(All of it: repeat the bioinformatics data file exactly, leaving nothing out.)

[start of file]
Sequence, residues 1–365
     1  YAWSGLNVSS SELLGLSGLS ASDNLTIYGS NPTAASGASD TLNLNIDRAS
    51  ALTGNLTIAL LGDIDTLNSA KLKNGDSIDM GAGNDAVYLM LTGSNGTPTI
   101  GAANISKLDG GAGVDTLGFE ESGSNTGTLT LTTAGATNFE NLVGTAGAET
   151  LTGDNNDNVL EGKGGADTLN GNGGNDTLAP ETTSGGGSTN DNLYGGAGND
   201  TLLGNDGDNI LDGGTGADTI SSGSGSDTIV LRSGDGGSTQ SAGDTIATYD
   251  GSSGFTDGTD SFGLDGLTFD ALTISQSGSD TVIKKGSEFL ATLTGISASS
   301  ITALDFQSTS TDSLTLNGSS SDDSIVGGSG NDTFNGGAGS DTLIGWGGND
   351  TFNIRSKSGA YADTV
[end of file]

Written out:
Sequence, residues 1–365
     1  YAWSGLNVSS SELLGLSGLS ASDNLTIYGS NPTAASGASD TLNLNIDRAS
    51  ALTGNLTIAL LGDIDTLNSA KLKNGDSIDM GAGNDAVYLM LTGSNGTPTI
   101  GAANISKLDG GAGVDTLGFE ESGSNTGTLT LTTAGATNFE NLVGTAGAET
   151  LTGDNNDNVL EGKGGADTLN GNGGNDTLAP ETTSGGGSTN DNLYGGAGND
   201  TLLGNDGDNI LDGGTGADTI SSGSGSDTIV LRSGDGGSTQ SAGDTIATYD
   251  GSSGFTDGTD SFGLDGLTFD ALTISQSGSD TVIKKGSEFL ATLTGISASS
   301  ITALDFQSTS TDSLTLNGSS SDDSIVGGSG NDTFNGGAGS DTLIGWGGND
   351  TFNIRSKSGA YADTV